Tuesday, August 30, 2016

New Heaven, New Earth: Musings on Permaculture & Integral Ecology

There has been oppression, corruption and war for millennia – this, we know, is not something new.  Jesus and other prophets have actively taught means of interacting within corrupt systems to bring about Heaven on Earth.  Many of these people, Jesus included, did their ministry and prayer work in natural environments, and told parables that led people to contemplate the natural world. Coming to these realizations throughout my lifetime, I immediately recognized myself in the story of permaculture expert Bill Mollison, as told by Fred Bahnson in Soil and Sacrament:   

Mollison had grown up in a small village in Tasmania, and became horrified as he saw fish stocks collapsing and large sections of forest disappear. He began to protest against the political and industrial systems that were to blame. ‘But,’ he wrote in Introduction to Permaculture, ‘I soon decided that it was no good persisting with opposition that in the end achieved nothing.’ For the next two years Mollison withdrew from society. When he returned he realized he did not want to oppose anything ever again and waste his time. He wanted to come back only with something positive, ‘Something that would allow us all to exist without the wholesale collapse of biological systems.’ What Mollison came back with was the beginnings of permaculture, a ‘whole human system.’

I likewise decided early on to focus on building a holistic system. Thus, my career has focused on nutrition, public health, and promoting sustainable food systems whenever possible.  What I’ve realized since the 2015 release of Pope Francis’ encyclical Laudato Si is that these ideas about permaculture are very much in line with the concept of integral ecology.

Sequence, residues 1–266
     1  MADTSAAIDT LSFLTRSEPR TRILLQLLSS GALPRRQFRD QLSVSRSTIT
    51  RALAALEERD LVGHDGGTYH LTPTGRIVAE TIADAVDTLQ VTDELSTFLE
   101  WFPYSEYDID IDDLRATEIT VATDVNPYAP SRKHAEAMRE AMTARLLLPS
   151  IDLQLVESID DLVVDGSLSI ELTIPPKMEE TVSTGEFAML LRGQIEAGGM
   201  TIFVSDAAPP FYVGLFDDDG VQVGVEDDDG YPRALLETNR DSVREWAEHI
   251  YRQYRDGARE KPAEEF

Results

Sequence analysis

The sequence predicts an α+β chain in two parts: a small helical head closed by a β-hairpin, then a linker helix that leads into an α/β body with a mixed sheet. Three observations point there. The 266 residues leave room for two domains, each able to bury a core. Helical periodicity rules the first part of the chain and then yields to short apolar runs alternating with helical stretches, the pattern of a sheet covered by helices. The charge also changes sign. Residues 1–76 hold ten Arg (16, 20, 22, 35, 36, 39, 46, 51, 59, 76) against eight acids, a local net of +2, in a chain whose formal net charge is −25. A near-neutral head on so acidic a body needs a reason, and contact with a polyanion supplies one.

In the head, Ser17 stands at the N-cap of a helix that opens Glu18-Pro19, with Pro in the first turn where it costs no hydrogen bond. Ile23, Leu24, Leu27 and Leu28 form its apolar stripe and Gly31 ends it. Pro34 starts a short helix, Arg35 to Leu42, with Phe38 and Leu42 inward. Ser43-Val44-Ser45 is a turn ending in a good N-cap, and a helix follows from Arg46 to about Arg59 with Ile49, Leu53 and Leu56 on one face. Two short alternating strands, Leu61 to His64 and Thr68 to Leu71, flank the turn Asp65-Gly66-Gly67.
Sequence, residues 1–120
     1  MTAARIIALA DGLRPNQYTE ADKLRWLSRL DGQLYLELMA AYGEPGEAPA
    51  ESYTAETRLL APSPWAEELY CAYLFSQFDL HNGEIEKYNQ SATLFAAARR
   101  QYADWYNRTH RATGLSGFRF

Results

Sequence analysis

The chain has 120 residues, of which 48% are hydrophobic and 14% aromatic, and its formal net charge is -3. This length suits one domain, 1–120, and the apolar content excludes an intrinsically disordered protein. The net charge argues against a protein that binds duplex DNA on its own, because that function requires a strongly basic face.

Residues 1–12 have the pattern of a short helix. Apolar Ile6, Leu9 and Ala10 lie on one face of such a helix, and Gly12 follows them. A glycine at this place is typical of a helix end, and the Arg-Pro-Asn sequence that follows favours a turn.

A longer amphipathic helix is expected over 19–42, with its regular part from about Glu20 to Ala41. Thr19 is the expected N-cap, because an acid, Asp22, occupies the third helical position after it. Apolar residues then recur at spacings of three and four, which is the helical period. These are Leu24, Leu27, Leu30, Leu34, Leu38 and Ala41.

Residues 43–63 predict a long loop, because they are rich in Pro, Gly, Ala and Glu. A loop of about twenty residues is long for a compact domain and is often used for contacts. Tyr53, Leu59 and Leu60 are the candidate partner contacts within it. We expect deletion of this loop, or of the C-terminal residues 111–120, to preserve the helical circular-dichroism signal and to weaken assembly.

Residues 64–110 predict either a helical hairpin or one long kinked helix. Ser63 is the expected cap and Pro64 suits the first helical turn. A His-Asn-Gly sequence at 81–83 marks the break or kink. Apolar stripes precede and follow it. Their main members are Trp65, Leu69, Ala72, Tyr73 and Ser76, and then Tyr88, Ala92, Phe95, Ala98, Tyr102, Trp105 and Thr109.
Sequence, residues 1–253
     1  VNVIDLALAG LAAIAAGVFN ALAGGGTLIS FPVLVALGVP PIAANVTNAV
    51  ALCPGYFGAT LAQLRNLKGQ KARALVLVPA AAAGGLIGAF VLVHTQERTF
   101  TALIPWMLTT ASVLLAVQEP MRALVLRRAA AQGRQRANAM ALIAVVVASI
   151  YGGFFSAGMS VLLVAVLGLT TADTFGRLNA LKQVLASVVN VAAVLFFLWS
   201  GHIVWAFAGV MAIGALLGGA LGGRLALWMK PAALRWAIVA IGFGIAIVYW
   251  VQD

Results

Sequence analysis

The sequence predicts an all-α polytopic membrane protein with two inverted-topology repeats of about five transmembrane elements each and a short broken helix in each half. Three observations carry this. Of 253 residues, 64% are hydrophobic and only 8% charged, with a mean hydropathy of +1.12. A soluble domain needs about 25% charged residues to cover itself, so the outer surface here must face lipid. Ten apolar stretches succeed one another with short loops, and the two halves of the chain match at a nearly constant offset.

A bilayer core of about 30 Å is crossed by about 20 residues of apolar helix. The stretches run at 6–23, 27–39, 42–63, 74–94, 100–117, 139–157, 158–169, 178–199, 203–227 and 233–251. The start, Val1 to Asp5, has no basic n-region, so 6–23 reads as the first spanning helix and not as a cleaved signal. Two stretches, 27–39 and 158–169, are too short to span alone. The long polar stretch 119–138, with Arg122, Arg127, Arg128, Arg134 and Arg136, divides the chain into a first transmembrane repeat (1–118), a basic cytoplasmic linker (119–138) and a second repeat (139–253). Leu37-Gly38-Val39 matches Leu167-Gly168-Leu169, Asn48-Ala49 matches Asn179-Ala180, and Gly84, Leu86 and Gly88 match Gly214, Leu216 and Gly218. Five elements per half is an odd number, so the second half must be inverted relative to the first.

We can use systems thinking to create an integrative food system where food grown is connected with healthcare and mental health systems and a more sustainable environment. We can put the systems in place to put Laudato Si into action. To do this, we will need to educate, but we will also need to organize and advocate.  While Bill Mollison may have chosen not to oppose anything and Jesus did much of his ministry in the fields, we must also remember that Jesus also flipped over the money tables in the temple.  It’s clear in the Bible that man cannot serve God and mammon, and that we shouldn’t worship the golden calf. Yet, that is what so many corporations are doing now.

According to Citizens United, corporations are people – but of course, we know that’s not true. We know the people making up the corporations are people, not the corporations themselves.  We also know it is not good to wish ill on the people making up the corporations. It is good for them to have livable wages to support themselves and their families, healthcare, and meaningful work.  To make sure everyone has a fair chance for these necessary components of healthy living, the people who are most enmeshed in corporate greed – amassing gross wealth off the backs of the working poor – need to back off a good deal from their possessions and materialism, and open up to more of a communal, humane way of interacting with the marginalized.

With decent financial and human investment, we can create more green jobs, include people affected by injustices in the decisionmaking processes, and capture carbon back into the Earth to mitigate and prevent catastrophic climate change. This is just as true in the Bronx as it is in Harlem, as it is in the bayous of Louisiana, as it is in Haiti, and every other place affected by environmental injustices.

In Soil and Sacrament, Fred Bahnson also quotes Rainer Maria Rilke:

All will come again into its strength:
the fields undivided, the waters undammed,
the trees towering and the walls built low.
And in the valleys, people as strong
and as varied as the land.